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Best management practices (BMPs) go a long way to help farmers secure the best yields and return on investment when planting winter wheat. While there are many factors involved in achieving top yields, the following top 10 tips can help growers add bushels and profits and wind up with the best winter wheat outcomes:
1. Harvest practices
Spread straw and chaff residue properly with the combine at harvest to help set the stage for optimal field conditions for planting winter wheat. Too much residue can delay emergence. Adjust residue spreading to match the width of your combine platform for best results.
2. Variety selection
Consult with local seed dealers, review results of university Extension variety trials and choose the best seed variety for regional environmental conditions and individual farming practices.
3. Seed genetics
Plant a newer wheat variety that has been commercially tested for five years. This may help boost yields by 10 bushels or more per acre versus older wheat varieties. Look for certified seed genetics that provide good winter hardiness, tolerance to diseases such as head scab and good standability under the high nitrogen fertility needed to achieve top yields.
4. Seed treatments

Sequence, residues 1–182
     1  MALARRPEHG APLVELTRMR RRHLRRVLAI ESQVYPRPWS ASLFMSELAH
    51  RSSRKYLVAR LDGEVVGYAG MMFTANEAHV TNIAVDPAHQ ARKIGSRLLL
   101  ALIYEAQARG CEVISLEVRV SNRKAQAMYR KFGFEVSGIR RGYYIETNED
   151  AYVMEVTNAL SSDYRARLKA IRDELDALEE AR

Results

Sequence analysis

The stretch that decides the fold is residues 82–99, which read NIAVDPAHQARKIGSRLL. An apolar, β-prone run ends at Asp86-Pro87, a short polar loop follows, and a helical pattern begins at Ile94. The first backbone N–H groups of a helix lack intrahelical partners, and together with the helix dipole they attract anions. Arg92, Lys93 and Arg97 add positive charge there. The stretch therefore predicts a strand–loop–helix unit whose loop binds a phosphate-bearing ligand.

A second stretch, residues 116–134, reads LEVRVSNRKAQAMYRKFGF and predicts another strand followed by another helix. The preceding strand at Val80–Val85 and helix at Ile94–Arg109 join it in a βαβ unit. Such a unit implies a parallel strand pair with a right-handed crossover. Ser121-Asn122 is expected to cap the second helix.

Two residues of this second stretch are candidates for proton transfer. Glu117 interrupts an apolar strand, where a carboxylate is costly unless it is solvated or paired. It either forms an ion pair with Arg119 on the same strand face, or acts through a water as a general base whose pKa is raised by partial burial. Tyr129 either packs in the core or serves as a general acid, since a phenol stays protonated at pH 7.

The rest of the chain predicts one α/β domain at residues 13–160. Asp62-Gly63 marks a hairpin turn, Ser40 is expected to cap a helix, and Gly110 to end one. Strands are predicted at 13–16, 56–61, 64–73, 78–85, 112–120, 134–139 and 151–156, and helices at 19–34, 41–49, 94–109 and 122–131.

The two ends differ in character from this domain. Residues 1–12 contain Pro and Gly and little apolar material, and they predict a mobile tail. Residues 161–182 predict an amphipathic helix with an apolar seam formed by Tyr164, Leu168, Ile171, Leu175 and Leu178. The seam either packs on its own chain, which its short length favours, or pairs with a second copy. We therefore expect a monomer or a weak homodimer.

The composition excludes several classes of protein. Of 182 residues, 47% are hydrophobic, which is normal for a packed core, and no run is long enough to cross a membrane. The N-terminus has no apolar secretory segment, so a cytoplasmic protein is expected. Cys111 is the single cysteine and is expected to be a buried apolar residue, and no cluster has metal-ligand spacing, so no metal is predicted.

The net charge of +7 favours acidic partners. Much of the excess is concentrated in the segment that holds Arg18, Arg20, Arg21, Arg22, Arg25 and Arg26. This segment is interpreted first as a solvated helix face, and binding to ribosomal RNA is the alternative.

Protect young wheat seedlings and cost-effectively manage risk with seed treated with a fungicide and an insecticide to protect against common fungal soilborne diseases such as Pythium, Rhizoctonia and Fusarium rot and insect problems such as aphids, cutworms and Hessian fly.
5. Soil testing
Gauge fertility by taking soil samples to maintain optimum soil nutrient levels.
6. Fertility levels
Restore more nutrients to the soil than were removed during harvest of the previous crop. For example, applying phosphorous at seeding can aid winter survival. Soil types and the results of nutrient testing will also determine fertilizer application rates.
7. Nitrogen management
Maintain high nitrogen levels for high-yielding winter wheat. Critical timing for nitrogen application comes at seeding, V-5 stem elongation and prior to heading. Many experts recommend split nitrogen applications to reduce lodging and enhance wheat quality.
8. Seedbed preparation
Plant winter wheat in standing stubble, if possible. While stubble may harbor disease, it also provides a good source for the retention of valuable soil moisture from snow and rainfall, which will help nourish the new crop. Establish a disease management plan to allow for the benefits of planting into standing stubble.
Choose planting dates depending upon the growing region and weather. Optimum seeding dates range from September through the first 10 days of October. Wheat seed needs adequate moisture and growing degree days to germinate and enough cold temperatures to vernalize prior to spring.
Control weed, disease and insect pressures with timely scouting and identification for top yields. Seed treatments, wheat varieties with built-in resistance, and foliar herbicide, fungicide and insecticide applications go a long way to protect yields from pest threats.
Bayer Solutions for Winter Wheat
Bayer offers a broad portfolio of season-long products to help winter wheat growers achieve the highest possible yield and grain quality. Read the entire label for best results and to confirm the product is effective on the pest you need to control. Choose the best products to control your specific pests and achieve the best yield outcome.